A member of the Three Percent militia in downtown Stone Mountain, Georgia, where various militia groups stage rallies, August 15, 2020, photo by Dustin Chambers/Reuters

commentary

(NBC News THINK)

Could 2020 Spawn '70s-Style Radicals and Violence?

A member of the Three Percent militia in downtown Stone Mountain, Georgia, where various militia groups stage rallies, August 15, 2020

Photo by Dustin Chambers/Reuters

by Brian Michael Jenkins

August 17, 2020

Armed conflicts fuel plagues: Until very recently in history, disease killed more people in wars than battle. But plagues can also fuel conflict, and COVID-19 may be no exception. The conditions facing the United States today are reminiscent of those that gave rise to the radicalism of the 1970s and could once again lead to political violence, including terrorism.

It's not that the pandemic gives extremists or terrorists new capabilities or points them to a path they hadn't thought of before. Instead, the pandemic creates a psychologically upsetting environment that encourages fanatics to do crazy and possibly violent things, and those actions will have greater impact on an already frightened public.…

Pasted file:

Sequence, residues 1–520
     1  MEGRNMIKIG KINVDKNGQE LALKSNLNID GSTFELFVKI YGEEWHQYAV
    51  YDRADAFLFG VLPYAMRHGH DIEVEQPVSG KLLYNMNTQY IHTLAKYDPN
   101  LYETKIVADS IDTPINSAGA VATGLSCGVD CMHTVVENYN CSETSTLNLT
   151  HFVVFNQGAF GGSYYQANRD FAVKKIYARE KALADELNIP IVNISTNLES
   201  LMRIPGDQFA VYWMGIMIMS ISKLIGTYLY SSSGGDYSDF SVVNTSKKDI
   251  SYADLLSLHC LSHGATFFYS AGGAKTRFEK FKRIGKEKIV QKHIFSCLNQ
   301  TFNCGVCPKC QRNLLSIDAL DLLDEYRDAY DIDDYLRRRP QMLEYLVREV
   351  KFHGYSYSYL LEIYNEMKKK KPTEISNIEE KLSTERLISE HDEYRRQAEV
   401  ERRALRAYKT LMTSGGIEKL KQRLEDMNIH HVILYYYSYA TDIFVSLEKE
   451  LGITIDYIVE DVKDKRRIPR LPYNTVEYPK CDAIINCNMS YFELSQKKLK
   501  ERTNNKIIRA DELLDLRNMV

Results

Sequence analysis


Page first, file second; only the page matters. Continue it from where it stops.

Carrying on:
The remainder of this commentary is available at nbcnews.com.


Brian Michael Jenkins began researching terrorism for the nonpartisan, nonprofit RAND Corporation in 1972. He is a senior adviser to the president of RAND and directs the National Transportation Security Center at the Mineta Transportation Institute.

This commentary originally appeared on NBC News THINK on August 16, 2020. Commentary gives RAND researchers a platform to convey insights based on their professional expertise and often on their peer-reviewed research and analysis.